VERITY LUSH: Thank goodness Richard Branson has no designs on the health service

There can be little else so frustrating in life, as ringing the Virgin Media call centre.

Friday, 13th April 2018, 9:01 pm
Verity has been going around in call centre circles

Firstly, you speak to someone who is sitting in another country. No problem with this aspect of the service, but when that poor messenger appears to have been given a crib sheet of greetings from The Crown to speak from, it becomes slightly crackers.

For instance, when I had to deal with a variety of companies after the death of my grandfather, all but one was excellent.

The bank, my solicitor, the phone company, the gas and electric and so on, were all compassionate and kind.

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The exception was Virgin.

Virgin did not pass on condolences or make the horrible task any easier. Instead, I was passed from pillar to post waiting for a call back from their bereavement department, and when eventually I tracked them down myself, they asked me what his ‘expiration date’ was. Something was definitely lost in translation.

Recently, I rang Virgin and proceeded to engage in a conversation that would have been hilarious to me had I not been involved in it. Round and round in circles we went, the woman not understanding me and vice versa, until I was passed through to a tech guy who said the problem wasn’t my TV but the box and he’d send a new one.

But in order to do so, I had to be transferred yet again to someone else.

Most disappointingly, that someone else was the woman to whom I had originally spoken who was as confused as I was to hear from me again, and who couldn’t grasp what to do about my needing a new box. Cue much deep breathing and attempts to empathise with being the messenger who most likely gets shot on a regular basis thanks to this bizarre system.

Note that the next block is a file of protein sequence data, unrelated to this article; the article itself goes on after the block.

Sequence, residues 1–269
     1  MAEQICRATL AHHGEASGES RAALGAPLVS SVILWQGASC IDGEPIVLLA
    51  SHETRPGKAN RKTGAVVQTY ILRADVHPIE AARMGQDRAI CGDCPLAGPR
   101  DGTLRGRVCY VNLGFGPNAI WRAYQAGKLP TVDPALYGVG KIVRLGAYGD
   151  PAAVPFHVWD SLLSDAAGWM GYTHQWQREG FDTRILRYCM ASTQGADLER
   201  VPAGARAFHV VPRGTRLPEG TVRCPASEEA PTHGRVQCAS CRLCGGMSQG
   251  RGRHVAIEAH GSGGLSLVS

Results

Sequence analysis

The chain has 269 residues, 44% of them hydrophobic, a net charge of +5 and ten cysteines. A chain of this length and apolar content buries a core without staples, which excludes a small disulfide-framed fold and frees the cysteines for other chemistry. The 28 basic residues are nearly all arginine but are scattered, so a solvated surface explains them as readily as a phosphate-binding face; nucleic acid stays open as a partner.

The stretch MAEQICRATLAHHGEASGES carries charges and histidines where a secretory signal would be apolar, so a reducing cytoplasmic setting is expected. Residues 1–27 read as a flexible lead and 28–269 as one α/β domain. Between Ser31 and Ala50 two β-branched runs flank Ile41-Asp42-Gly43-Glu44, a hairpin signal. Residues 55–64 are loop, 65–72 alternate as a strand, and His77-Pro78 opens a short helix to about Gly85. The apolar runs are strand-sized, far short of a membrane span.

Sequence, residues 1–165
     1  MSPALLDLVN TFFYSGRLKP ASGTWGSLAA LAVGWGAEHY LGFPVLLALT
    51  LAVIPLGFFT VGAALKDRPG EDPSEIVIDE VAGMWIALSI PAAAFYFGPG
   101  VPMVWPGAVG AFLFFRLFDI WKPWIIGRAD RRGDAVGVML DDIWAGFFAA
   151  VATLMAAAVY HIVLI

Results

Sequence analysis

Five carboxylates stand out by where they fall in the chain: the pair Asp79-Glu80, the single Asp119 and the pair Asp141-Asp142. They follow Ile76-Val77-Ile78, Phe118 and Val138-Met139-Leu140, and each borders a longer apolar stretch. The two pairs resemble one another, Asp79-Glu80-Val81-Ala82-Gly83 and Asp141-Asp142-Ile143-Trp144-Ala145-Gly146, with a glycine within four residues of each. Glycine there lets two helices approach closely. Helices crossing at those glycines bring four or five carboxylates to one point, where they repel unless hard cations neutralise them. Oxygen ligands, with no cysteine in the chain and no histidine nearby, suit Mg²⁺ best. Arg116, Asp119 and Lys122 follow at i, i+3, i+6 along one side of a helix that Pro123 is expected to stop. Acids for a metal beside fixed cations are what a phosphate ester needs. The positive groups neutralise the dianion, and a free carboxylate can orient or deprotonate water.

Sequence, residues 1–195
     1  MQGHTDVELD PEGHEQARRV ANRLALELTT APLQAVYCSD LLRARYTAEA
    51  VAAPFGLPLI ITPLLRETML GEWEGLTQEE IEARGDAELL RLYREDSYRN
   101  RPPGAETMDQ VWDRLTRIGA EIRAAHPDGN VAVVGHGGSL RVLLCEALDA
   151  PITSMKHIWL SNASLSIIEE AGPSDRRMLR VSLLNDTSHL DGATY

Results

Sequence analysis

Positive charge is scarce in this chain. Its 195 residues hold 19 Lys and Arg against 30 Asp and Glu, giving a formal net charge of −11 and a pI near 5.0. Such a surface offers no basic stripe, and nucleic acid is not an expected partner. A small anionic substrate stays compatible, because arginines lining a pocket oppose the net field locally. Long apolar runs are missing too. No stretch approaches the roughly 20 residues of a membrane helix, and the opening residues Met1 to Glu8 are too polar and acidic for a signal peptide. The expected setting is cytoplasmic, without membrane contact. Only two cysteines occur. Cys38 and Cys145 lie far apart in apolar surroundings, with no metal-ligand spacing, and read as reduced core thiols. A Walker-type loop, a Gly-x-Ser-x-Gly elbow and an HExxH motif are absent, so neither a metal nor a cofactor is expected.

Whenever someone complains about GPs’ reception triage, perhaps we should bear in mind that at least it’s not that of Virgin Media.

I am unaware of Richard Branson making plans to take over the health system, and for that we should all be grateful.


Thanks to Ocean Retail Park (or ‘Burrfields’ to the majority of the city), the northern end of Portsmouth has finally had some life injected into it.

Copnor Road has always had a variety of local shops with a firm following, such as Real Country Butchers, but something more has been needed in the district, given the dilapidated state of London Road which, unless you want to gamble,

drink and kebab yourself to death, is of little use. The number of pubs, takeaways, bookies and funeral parlours is ever-growing.

The return of M&S to this end of the city is astounding, given that it once sat proudly in the centre of North End.

Hopefully this is a sign of better things to come.


I have been toying with the idea of removing myself from Facebook and deleting my account. Not for ethical, moral high ground reasons, but just because so much of our lives is ‘out there’.

The novelty of Facebook wore off long ago for many older folk, I suspect.

My only reason for staying on it is the ease of keeping in touch with friends with whom you share a past, such as school or work, and for whom you feel affection but don’t regularly meet.

It’s lovely to see people’s kids grow up when you otherwise wouldn’t, especially if they’re no longer in the UK, but it’s disturbing that we are a society living out our lives on screen.